From atomic bomb site to nature reserve

A site once used for tests leading to the creation of the world's first atomic bomb has been made into a nature reserve in one of the most unusual regeneration projects in recent years.

The Rhydymwyn Valley site in North Wales went from a chemical weapon production and storage plant in the late 1930 to a nuclear research facility in the 1940s, used by scientists investigating the production of enriched uranium for the US atomic bomb. The same scientists went on to work on the Manhattan Project – the US government’s drive to build an atomic bomb ahead of Germany and Japan.

Taken over by Defra in 1994 after a long period of lying derelict or being used for storage, the site was tested for remaining contamination, including the drilling of boreholes to monitor water quality.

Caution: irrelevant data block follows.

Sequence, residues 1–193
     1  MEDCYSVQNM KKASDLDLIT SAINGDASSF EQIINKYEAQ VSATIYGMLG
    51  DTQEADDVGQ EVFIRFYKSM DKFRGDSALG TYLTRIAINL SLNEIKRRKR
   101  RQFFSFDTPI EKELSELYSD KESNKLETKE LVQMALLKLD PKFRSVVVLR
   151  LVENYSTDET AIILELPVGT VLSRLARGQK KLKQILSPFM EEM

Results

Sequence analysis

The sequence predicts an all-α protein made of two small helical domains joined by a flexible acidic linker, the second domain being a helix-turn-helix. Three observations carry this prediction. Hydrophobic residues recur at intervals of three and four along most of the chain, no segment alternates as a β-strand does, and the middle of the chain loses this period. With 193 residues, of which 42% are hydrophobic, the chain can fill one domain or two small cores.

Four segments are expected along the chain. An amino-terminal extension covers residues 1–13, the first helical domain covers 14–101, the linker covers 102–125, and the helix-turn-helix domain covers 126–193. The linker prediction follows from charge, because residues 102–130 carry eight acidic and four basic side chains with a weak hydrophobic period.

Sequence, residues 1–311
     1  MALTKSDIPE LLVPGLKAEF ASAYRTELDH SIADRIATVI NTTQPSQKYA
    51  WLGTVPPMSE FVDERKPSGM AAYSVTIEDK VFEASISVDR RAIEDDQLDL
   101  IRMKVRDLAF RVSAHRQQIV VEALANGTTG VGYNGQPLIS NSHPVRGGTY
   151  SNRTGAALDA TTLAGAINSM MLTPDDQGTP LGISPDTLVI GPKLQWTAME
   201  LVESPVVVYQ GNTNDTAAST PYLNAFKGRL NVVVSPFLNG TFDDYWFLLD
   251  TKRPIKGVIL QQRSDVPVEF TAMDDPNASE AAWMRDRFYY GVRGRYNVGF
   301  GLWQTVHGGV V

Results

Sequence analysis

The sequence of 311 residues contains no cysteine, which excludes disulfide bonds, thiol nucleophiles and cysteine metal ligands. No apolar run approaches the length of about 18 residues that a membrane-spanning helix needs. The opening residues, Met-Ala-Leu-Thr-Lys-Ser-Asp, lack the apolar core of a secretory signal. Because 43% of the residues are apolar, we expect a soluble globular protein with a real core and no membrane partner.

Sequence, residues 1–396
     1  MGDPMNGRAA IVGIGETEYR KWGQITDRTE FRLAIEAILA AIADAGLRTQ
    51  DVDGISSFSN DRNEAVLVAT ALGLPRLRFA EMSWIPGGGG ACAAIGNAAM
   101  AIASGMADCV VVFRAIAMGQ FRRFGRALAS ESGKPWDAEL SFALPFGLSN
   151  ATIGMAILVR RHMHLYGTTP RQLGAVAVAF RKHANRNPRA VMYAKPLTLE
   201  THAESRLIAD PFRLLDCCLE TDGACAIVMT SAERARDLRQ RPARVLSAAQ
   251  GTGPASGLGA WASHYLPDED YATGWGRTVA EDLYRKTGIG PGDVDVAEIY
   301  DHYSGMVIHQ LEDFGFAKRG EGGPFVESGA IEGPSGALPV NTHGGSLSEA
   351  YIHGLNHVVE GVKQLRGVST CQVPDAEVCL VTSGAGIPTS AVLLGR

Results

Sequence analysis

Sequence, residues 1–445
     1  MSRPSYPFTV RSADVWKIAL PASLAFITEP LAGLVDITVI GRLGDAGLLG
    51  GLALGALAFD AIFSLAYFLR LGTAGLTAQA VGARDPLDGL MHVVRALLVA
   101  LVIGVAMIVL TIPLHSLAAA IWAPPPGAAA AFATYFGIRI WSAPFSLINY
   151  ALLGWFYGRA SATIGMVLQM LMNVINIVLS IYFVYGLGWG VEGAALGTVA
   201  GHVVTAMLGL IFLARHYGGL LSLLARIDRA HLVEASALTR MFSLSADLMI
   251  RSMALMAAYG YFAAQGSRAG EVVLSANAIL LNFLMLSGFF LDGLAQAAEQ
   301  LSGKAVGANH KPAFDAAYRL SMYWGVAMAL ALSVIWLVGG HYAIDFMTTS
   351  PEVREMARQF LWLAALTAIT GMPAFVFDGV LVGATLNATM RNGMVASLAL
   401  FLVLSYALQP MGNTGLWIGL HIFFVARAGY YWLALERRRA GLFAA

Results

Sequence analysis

The latest stage in the history of the Rhydymwyn site has been the establishment of a nature reserve, formally handed over to the North Wales Wildlife Trust at a ceremony on Tuesday, with visitors invited to experience its “rich variety of wildlife, including grass snakes, owls and the common lizard.”

Peter Green, head of Defra’s estates division, said: “North East Wales Wildlife have made a contribution to the transformation of this site from a derelict munitions factory to a haven for wildlife, so it seems entirely appropriate that their invaluable input should be formally recognised in a legal agreement.”

Pippa Perry of North East Wales Wildlife Trust, said: “We are delighted to be formally given responsibility for the wildlife at the site, and for working with the public and the local community to raise awareness of the hugely diverse wildlife at the site.”

For more on the Rhydymwyn site see here.

Goska Romanowicz

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